Thursday May 3, 2012
Glove makers to gain from wage rule in long run
PETALING JAYA: While the new minimum wage will dent glove makers’ earnings in the near term, it is expected to be beneficial for the industry in the long run, CIMB Research said.
“It will encourage glove makers to reduce their use of low-skilled labour and improve their manufacturing processes by using more advanced technology and methods.
“Also, we believe that wage inflation will make the smaller glovemakers less competitive and catalyse consolidation in the sector. This will strengthen the positions of the large glove makers, favouring those with more efficient processes such as Hartalega (Holdings Bhd),” the brokerage said in a note to clients.
On Monday, Prime Minister Datuk Seri Najib Tun Razak announced the details of the country’s wage floor for the private sector, with the monthly benchmark set at RM900 for Peninsular Malaysia and RM800 for Sabah, Sarawak and Labuan.
This translates to an hourly rate of RM4.33 and RM3.85 respectively.
The policy applies to all workers in the private sector, save for those in domestic services, but it will only take effect six months after the Minimum Wages Order is gazetted.
The law, which will be reviewed every two years, affords some flexibility to employers as they can absorb a certain amount of allowances and fixed cash payments in calculating the new wages.
According to CIMB Research’s forecasts, the minimum wage could shave some 1% to 7% off glove makers’ financial year 2013 core net profit, but the brokerage has kept its “neutral” rating for the sector and estimates for the companies under its coverage as they may yet find ways to mitigate the impact of higher staff costs.
Other research houses have also maintained their ratings pending further clarification from the companies and the actual gazetting of the law.
Among the glove makers, Hartalega is the least affected by the setting of a wage floor due to its highly automated production facilities and high margins relative to its peers.
“We believe Hartalega will emerge the strongest from the higher wages as its operations are already lean and management is working hard to further automate its manufacturing process.
“With the highest margins (lowest post-tax cost base), technologically advanced manufacturing process and an aggressive eight-year expansion plan, Hartalega has the most wiggle room in the sector to price gloves competitively and gain market share,” CIMB Research said.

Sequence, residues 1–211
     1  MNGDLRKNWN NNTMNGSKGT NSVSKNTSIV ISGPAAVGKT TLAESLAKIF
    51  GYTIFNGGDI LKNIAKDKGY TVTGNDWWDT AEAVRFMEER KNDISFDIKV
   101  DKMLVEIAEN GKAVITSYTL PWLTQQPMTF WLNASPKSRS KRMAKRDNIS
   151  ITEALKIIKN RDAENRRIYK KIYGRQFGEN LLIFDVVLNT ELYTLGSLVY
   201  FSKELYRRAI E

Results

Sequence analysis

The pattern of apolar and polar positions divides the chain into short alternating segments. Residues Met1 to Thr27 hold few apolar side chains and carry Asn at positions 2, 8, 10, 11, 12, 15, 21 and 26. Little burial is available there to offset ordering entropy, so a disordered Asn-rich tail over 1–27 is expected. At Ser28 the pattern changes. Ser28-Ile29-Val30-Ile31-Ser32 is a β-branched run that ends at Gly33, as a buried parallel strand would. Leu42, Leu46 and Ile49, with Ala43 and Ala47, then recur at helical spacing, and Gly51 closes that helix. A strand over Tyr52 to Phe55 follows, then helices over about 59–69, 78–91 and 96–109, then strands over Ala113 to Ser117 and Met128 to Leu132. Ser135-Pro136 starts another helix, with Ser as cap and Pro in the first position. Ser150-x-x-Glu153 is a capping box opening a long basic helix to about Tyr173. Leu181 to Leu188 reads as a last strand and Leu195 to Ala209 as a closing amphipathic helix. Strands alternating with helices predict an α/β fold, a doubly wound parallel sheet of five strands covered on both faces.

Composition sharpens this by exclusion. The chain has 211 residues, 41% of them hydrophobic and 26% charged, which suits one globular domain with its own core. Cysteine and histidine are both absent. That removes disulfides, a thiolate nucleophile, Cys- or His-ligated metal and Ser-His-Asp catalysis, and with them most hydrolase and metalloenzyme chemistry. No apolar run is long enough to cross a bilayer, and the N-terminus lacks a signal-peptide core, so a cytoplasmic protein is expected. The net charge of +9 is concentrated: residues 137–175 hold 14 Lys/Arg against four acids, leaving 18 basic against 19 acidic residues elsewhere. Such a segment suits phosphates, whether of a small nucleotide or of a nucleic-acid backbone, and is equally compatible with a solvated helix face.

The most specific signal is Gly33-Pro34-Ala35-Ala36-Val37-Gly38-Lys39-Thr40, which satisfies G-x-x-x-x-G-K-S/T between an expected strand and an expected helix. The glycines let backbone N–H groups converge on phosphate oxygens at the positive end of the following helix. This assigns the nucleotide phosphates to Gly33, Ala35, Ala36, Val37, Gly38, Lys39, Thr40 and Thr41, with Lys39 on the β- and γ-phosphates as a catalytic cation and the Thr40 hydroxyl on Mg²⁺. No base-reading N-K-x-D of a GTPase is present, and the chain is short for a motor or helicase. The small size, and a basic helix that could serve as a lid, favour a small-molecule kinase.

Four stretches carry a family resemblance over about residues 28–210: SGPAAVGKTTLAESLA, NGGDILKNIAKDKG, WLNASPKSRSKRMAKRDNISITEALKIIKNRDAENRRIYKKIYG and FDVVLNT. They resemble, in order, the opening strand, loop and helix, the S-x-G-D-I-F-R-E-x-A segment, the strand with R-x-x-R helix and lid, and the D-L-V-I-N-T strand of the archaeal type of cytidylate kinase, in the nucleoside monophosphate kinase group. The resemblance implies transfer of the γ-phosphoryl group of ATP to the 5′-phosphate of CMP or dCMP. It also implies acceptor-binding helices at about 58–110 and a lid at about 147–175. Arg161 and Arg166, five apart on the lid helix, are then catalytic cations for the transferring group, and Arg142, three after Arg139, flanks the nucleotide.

Management was aggressively working on further automating the stripping and packaging portions of its manufacturing process to reduce the use of low-skilled labour and optimise operating expenditure, it added.
CIMB Research said Top Glove Corp Bhd would be the hardest hit as a result of low margins and an oversupply for its gloves that could take two to three years to work off.
“We believe it would be challenging for management to pass on the cost of the minimum wage to customers. This would put further pressure on margins and Top Glove’s high-volume low-price model.”
Top Glove shares have reflected this, with the counter losing 13 sen, or 2.72%, to RM4.65, making it one of the day’s top losers.
For Supermax, CIMB Research said the manufacturer was ramping up nitrile production to 53% of capacity by financial year 2013. This could help curb rising staff costs, the brokerage added, as the cash cost of producing nitrile gloves was 20% lower than natural rubber.
Kossan, meanwhile, is poised to tap on the growth in China, where glove usage is a mere two gloves per person per annum versus 50 in Europe and 96 in the United States. Kossan entered the market in financial year 2012 via its 53%-owned Cleanera HK Ltd.
Moving forward, HwangDBS Vickers Research expects the additional staff costs to be passed on to customers over time.
Affin Investment Bank, in a report, also noted that Top Glove had previously said it would likely pass on 80% to 90% of the higher costs by increasing prices, which could prompt other glove makers to do the same.